A strength of our research is the utilization of two objective metrics of adherence for a more comprehensive illustration of trajectories in those who had viral resistance. Given that adherence was monitored in real-time, we could illustrate longitudinal courses up until the point of breakthrough, despite the missing data on the TFV-DP time course. Building on the findings of a predictive threshold of TFV-DP for detecting VB [6], this research iterates the usefulness of routine drug concentration measurements in the clinical setting. A single annual VL measurement is essentially a retrospective glance at an individual’s adherence. Relying solely on this tool means missed opportunity to intervene prior to the development of virologic failure and possibly, drug resistance.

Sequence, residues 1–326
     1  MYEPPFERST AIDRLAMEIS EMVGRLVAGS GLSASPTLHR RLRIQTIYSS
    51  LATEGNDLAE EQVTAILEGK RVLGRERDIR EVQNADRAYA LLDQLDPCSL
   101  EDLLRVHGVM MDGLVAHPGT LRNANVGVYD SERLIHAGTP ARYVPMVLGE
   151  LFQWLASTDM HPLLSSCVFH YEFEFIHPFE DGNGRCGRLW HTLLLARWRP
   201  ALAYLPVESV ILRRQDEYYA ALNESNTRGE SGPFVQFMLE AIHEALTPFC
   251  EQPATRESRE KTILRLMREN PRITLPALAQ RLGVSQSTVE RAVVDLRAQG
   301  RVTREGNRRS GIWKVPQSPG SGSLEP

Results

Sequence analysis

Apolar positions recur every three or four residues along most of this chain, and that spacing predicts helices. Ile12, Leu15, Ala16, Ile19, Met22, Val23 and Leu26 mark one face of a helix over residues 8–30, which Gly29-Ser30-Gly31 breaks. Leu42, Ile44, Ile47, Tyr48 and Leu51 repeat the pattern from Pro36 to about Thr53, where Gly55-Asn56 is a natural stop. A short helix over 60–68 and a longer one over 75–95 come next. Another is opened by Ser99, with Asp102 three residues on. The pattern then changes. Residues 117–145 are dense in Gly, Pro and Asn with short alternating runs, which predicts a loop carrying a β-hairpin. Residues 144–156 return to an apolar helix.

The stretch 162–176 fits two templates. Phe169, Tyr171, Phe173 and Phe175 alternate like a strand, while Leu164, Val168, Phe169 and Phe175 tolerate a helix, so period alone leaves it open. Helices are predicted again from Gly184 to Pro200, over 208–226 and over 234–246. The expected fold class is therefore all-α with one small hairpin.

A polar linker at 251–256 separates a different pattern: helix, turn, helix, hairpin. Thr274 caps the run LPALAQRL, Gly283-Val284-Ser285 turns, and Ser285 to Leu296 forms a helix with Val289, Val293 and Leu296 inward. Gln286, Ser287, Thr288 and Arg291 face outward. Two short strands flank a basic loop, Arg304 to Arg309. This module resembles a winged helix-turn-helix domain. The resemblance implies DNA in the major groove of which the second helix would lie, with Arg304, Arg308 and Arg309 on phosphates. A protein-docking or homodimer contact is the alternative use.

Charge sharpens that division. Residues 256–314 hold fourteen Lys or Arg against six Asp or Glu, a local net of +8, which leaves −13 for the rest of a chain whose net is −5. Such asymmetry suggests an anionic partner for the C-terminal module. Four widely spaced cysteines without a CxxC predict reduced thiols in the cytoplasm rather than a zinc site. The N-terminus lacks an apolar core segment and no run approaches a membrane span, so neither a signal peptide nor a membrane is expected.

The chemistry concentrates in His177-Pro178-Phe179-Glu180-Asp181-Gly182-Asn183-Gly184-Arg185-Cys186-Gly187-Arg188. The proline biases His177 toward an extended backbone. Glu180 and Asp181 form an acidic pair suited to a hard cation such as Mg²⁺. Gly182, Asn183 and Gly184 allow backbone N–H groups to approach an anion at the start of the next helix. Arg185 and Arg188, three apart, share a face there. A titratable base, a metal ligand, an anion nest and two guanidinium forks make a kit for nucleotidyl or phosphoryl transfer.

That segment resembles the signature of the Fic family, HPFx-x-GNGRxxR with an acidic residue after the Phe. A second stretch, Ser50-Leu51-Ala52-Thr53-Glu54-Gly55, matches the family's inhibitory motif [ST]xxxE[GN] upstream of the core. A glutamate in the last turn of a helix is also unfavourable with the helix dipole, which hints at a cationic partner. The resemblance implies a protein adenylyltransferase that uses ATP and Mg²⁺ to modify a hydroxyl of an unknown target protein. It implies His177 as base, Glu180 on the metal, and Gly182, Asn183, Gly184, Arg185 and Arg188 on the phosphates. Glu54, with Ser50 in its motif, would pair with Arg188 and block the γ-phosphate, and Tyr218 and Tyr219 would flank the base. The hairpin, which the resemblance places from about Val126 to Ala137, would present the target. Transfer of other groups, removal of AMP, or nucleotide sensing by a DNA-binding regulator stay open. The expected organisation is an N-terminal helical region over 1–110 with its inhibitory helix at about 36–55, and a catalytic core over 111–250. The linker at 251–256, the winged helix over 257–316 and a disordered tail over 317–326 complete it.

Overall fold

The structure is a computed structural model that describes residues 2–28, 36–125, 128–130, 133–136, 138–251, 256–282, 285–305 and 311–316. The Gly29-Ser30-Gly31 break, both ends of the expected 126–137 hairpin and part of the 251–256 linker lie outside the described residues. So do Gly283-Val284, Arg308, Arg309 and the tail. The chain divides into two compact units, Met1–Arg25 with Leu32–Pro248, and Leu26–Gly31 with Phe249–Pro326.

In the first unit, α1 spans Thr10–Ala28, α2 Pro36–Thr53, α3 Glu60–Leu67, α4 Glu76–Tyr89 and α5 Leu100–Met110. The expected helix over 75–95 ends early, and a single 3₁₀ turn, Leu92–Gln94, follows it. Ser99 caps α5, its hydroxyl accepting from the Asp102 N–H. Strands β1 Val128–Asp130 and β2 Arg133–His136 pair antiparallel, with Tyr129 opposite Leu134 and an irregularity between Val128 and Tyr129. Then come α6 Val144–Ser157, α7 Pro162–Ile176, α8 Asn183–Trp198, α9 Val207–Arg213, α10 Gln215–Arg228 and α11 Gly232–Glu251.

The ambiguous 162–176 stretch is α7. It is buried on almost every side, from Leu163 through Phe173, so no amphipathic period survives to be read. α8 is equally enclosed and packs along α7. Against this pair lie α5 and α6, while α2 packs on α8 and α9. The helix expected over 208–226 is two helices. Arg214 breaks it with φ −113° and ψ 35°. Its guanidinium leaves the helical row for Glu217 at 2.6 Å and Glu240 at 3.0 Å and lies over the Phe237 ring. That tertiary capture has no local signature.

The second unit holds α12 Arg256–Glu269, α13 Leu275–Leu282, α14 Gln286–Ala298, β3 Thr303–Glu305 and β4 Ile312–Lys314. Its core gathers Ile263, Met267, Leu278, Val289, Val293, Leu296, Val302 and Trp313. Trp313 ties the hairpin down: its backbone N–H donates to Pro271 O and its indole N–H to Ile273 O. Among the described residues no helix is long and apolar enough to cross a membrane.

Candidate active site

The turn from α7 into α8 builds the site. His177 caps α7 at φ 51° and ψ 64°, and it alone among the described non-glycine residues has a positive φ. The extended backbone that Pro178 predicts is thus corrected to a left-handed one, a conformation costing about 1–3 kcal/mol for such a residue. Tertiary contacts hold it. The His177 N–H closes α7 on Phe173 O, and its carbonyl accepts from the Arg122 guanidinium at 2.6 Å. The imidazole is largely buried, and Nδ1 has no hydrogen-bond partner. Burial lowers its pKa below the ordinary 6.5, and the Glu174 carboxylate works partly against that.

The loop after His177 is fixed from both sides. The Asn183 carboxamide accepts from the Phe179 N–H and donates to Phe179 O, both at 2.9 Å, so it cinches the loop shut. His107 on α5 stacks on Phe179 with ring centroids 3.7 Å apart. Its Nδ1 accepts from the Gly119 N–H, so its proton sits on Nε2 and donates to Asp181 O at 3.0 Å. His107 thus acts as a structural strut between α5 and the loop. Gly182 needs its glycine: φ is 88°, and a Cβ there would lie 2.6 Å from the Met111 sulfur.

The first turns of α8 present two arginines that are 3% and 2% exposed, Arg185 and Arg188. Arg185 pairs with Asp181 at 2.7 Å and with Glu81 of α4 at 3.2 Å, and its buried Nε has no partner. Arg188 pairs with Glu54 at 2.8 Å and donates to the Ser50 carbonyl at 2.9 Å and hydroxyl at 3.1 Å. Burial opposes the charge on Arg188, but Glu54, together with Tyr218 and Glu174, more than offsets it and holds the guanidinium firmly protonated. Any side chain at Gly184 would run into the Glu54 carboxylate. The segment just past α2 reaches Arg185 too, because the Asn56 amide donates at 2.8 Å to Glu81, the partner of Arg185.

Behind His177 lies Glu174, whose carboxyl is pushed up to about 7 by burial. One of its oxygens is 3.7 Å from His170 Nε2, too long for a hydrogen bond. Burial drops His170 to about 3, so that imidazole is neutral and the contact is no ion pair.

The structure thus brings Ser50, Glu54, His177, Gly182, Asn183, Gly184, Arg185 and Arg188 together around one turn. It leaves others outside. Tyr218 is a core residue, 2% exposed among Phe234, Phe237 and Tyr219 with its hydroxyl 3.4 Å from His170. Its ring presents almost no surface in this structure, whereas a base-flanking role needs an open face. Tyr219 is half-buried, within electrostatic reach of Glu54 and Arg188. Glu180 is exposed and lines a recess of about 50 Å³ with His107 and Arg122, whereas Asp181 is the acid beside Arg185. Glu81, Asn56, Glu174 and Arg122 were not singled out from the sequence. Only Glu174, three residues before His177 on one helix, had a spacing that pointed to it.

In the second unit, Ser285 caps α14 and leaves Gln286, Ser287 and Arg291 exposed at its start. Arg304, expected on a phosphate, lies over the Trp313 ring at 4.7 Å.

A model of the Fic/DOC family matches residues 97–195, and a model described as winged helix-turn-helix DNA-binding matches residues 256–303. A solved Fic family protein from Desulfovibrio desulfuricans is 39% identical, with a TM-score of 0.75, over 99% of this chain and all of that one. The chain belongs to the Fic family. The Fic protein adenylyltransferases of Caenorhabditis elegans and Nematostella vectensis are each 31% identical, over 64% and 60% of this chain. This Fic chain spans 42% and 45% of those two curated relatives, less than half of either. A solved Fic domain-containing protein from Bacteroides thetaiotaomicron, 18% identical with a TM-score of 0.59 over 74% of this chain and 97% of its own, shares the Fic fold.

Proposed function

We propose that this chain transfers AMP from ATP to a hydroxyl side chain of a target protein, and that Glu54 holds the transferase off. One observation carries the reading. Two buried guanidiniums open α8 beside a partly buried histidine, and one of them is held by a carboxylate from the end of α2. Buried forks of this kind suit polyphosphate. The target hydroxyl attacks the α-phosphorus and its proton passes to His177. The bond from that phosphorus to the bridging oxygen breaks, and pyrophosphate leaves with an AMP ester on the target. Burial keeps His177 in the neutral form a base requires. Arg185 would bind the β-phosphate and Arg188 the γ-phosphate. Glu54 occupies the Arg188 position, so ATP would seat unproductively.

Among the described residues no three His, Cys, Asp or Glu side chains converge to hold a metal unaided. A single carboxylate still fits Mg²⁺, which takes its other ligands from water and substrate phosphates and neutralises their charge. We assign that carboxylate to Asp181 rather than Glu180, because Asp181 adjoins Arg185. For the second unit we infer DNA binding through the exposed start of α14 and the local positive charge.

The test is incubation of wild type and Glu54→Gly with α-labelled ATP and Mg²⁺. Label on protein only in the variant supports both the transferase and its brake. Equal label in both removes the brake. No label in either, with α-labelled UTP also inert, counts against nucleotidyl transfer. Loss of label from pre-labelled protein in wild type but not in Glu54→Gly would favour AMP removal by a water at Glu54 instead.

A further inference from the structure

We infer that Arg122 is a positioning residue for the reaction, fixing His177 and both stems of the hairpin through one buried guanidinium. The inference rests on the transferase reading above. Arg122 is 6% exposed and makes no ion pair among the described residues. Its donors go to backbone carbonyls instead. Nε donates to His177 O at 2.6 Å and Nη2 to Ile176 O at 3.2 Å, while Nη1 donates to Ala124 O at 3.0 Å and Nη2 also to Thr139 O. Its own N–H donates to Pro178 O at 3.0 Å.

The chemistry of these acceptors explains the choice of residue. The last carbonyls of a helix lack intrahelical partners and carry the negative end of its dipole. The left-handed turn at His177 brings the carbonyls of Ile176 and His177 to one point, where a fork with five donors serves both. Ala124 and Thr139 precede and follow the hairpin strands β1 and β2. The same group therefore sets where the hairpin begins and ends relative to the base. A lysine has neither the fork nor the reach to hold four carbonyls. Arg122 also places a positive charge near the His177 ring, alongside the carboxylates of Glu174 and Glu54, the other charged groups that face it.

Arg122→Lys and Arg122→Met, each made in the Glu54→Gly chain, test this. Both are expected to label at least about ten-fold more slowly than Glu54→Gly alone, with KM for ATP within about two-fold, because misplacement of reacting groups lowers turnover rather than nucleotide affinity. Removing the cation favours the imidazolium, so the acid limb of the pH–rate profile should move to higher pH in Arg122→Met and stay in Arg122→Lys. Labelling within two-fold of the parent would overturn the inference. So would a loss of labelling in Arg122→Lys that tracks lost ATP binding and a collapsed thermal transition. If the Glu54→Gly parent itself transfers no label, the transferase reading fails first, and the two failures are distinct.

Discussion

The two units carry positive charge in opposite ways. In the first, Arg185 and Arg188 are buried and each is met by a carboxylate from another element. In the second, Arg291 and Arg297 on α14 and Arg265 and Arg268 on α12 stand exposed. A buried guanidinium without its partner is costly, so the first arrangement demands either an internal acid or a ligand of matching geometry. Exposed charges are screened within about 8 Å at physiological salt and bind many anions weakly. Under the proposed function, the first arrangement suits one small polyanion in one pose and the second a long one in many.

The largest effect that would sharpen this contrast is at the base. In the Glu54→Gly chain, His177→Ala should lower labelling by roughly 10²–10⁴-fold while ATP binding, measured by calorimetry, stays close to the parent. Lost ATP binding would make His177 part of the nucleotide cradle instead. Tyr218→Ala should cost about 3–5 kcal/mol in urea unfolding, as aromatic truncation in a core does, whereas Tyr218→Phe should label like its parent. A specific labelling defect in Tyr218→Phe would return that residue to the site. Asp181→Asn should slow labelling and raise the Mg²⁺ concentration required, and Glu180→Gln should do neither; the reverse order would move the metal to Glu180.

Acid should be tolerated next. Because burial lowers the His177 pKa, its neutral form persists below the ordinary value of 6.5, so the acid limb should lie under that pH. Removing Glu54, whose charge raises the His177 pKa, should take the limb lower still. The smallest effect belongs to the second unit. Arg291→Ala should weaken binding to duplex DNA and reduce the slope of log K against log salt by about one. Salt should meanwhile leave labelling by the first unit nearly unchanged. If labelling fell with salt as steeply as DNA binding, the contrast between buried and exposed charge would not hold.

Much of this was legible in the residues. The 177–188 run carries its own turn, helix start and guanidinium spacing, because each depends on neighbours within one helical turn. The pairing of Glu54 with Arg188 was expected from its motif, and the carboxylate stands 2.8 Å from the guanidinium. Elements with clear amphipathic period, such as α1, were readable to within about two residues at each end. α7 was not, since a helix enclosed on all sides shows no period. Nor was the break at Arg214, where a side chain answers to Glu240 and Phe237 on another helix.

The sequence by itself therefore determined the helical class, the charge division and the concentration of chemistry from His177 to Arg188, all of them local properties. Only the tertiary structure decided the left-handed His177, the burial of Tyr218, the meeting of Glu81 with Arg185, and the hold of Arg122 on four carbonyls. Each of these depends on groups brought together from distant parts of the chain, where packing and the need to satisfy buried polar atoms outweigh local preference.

We also acknowledge several limitations to our research. First, our study sample was small, and three of the 21 individuals had not undergone resistance testing. Furthermore, multiple missing data points represented in our TFV-DP time course limit the characterization of individual trajectories within each of the genetic testing outcome groups. However, these missing data points on the TFV-DP plots were due to missed study visits when DBS were not obtained. The small cohort with VB may be partly attributed to the Hawthorne effect- modification of adherence behaviour in response to being observed during the study, although this effect is unlikely to have lasted for the duration of the study [29]. ADD-ART was an observational study without any formal adherence support intervention. Participants attended monthly visits and were seen by clinical staff. Participants were only texted if the device had low or no battery signal. Although this likely contributed to better adherence in the overall cohort, 21 individuals with breakthrough were indeed identified. An unexpected finding was the identification of only NNRTI associated viral mutations. Existing literature describes the effect of reverse transcriptase inhibitors and accelerated HIV-1 mutation rates [30, 31]. A follow up study examining the cases of successive episodes of virologic failure may shed light on the evolution of drug resistance in individuals.